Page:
Sunday, February 3, 2008

I wish I had known about the term "mean reversion" while I was going through my various product bubbles. (Wiki definition at bottom of post.)

When I went to get my first loan, I was showing the loan officer my huge increases in sales over the previous few years. "Even if it slows, my sales are still really strong."

The guy just looked at me. "I've heard it before. But sales could reverse overnight."

He gave me the loan, but in the back of my mind, I heard what he said. Didn't really believe, you know, but there was a niggling little doubt planted.

Then I read a talk that a guy gave at the big sports card trade show in Hawaii. He was the publisher of 'hobby' magazines who had gotten into the business through stamps and coins: the thrust of his presentation was, cards had nowhere to go but down, and that it would go so far down we wouldn't believe it.

Again, I heard it, though I didn't act on it. It reminded me of my brief foray into coins and stamps. A visit to a sorry little store in Crescent City where they guy all but told me coins and stamps weren't worth anything. (Strangely similar to what I currently tell card collectors.) And a phone call to a coin and stamp store that had left Bend (Oregon Trail, anyone remember them?) and I called them and said, "Gee, I'd like to carry this stuff, as long as I could make xxx amount," and I quoted what I thought was a really low number.

There was a silence on the other end, and then the guy said, "OH, you never make that much. Not even close."

Later, as cards got bigger and bigger, I ended up opening four stores. I thought I was being very prudent, because my planning included the possibility sales could drop in half and I could still pay overhead.

So sales started to drop, and I complained to my wife, who said, "What makes you think it can't drop to zero?"

She was right. Like a safe dropping through one floor after another, once the drop started happening, I couldn't stop it. To all intents and purposes, sales did drop to zero.

So fads are just an extreme example of swings in sales. But underlying every product I sell, I always try to figure out a 'base', beyond which the product won't drop any further, and I try to keep my overhead break-even point as close to that base as possible.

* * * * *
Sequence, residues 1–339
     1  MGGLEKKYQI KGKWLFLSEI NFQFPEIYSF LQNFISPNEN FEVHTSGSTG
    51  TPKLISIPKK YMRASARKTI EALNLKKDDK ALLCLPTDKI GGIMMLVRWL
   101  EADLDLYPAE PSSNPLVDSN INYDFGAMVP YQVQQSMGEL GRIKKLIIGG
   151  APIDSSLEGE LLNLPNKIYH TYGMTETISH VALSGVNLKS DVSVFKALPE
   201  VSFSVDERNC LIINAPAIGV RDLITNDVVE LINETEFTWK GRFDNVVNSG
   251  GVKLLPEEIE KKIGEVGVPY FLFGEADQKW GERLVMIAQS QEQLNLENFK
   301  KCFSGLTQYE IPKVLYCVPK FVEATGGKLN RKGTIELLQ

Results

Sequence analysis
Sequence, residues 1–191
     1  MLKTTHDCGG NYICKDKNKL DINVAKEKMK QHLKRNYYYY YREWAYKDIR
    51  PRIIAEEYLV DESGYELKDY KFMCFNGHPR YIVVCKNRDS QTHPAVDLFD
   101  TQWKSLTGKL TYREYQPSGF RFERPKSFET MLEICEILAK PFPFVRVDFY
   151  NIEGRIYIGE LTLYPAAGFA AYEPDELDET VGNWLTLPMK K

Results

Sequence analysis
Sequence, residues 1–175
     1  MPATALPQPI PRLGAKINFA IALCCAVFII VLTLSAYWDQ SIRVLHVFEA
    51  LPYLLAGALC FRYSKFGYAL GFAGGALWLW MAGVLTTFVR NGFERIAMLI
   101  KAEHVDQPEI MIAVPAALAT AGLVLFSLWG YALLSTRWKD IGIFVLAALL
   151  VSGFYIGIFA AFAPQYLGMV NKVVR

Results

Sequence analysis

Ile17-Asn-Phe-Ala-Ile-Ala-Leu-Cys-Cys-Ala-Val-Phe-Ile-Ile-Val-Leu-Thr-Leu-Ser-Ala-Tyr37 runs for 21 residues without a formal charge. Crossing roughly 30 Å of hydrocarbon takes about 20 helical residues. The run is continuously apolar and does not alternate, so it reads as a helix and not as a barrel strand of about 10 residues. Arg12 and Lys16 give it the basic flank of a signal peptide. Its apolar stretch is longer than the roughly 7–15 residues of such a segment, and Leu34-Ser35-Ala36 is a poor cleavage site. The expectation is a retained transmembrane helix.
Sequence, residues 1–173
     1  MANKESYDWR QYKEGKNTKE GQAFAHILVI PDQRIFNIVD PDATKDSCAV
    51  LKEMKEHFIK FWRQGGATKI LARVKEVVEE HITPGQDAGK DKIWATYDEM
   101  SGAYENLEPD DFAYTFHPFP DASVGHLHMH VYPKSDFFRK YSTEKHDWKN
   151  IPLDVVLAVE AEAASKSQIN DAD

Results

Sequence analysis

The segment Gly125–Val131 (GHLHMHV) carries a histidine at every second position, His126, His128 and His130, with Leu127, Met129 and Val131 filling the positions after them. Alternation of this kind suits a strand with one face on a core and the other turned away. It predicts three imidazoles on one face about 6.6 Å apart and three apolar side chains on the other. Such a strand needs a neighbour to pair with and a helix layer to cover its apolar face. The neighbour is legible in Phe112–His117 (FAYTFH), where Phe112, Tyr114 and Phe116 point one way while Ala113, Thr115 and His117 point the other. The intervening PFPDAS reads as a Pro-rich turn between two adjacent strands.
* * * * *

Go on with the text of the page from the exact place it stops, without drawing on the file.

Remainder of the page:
Of course, reversion to mean also can apply to the numbers when sales drop BELOW the mean average. So then you just have to try to survive until it comes back.

The last example I had was Magic and games overall. I've carried some games from the beginning, so I've gotten a pretty good idea of what the mean average might be, and I knew that we had a ten year stretch where the sales were way beyond that. Gambit thrived in those ten years; but I could see the mean reversion kicking in.

It's truly amazing when I talk to other storekeepers how few of them keep track of this measure. I have an advantage of actually having lived through a bunch of them, but the information is there if anyone wants to look it up, too.

"Mean reversion
From Wikipedia, the free encyclopedia

Mean reversion is a mathematical methodology commonly used for stock investing, but it can be applied to other processes. In general terms the idea is that both a stock's high and low prices are temporary, and that a stock's price will tend to have an average price over time.

Mean reversion involves first identifying the trading range for a stock, and then computing the average price. (Persons using extensive financial analytical techniques establish the average price as it relates to assets, earnings, etc.)

When the current market price is less than the average price, the stock is considered attractive for purchase, with the expectation that the price will rise. When the current market price is above the average price, the market price is expected to fall. In other words, deviations from the average price are expected to revert to the average."

No comments: